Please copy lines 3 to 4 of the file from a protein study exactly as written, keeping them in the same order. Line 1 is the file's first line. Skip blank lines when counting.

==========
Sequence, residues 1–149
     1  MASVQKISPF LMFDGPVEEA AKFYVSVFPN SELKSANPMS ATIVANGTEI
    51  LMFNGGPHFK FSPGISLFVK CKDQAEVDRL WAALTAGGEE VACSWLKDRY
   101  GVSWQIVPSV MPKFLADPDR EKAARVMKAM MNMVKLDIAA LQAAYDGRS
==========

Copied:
    51  LMFNGGPHFK FSPGISLFVK CKDQAEVDRL WAALTAGGEE VACSWLKDRY
   101  GVSWQIVPSV MPKFLADPDR EKAARVMKAM MNMVKLDIAA LQAAYDGRS